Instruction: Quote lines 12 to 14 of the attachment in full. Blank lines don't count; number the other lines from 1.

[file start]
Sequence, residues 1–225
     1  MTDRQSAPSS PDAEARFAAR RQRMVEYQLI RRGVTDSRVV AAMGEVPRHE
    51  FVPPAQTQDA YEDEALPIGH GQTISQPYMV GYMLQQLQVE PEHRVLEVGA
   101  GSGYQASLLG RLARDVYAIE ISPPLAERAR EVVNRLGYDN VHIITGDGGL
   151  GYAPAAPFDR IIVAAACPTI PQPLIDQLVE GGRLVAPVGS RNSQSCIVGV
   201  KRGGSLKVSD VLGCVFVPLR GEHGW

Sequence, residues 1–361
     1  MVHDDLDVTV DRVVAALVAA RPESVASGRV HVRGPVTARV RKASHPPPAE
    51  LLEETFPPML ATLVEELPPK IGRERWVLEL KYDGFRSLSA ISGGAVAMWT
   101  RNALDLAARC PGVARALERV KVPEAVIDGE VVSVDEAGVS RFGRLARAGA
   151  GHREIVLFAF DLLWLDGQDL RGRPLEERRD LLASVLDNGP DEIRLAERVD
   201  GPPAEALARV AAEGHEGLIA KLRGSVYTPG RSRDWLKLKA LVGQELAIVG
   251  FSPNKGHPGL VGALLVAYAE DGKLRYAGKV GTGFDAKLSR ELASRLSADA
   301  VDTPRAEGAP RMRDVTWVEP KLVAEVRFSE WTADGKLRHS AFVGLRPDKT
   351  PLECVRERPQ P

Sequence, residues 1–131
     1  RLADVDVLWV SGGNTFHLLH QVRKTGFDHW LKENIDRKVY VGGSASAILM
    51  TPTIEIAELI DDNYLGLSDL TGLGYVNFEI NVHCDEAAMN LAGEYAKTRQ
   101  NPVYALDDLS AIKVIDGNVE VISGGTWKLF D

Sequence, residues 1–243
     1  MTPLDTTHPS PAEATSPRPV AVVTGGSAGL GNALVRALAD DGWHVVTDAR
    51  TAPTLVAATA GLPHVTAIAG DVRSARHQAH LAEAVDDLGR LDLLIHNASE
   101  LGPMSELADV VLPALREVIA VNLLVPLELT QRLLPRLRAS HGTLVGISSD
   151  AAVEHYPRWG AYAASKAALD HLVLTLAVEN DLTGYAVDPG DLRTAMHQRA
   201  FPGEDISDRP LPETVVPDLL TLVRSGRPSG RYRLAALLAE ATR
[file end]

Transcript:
   201  GPPAEALARV AAEGHEGLIA KLRGSVYTPG RSRDWLKLKA LVGQELAIVG
   251  FSPNKGHPGL VGALLVAYAE DGKLRYAGKV GTGFDAKLSR ELASRLSADA
   301  VDTPRAEGAP RMRDVTWVEP KLVAEVRFSE WTADGKLRHS AFVGLRPDKT